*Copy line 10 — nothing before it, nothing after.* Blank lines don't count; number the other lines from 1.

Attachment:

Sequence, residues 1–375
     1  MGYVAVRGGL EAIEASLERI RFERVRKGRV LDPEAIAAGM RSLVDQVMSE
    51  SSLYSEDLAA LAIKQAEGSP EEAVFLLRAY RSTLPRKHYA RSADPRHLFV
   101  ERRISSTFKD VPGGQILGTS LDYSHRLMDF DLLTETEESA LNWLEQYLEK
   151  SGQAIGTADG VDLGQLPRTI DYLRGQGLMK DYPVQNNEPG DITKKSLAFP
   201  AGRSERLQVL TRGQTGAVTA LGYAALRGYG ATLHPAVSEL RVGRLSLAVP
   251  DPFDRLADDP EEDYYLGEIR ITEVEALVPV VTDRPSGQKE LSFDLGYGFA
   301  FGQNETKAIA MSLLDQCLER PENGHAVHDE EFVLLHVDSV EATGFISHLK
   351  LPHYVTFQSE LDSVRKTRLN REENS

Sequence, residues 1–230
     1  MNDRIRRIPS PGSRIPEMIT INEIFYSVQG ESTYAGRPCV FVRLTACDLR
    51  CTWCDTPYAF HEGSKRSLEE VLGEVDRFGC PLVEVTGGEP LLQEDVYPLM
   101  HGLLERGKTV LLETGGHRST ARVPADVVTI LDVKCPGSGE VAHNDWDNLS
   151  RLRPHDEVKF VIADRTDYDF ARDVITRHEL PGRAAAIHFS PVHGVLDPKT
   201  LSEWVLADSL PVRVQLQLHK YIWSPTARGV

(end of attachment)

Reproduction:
Sequence, residues 1–230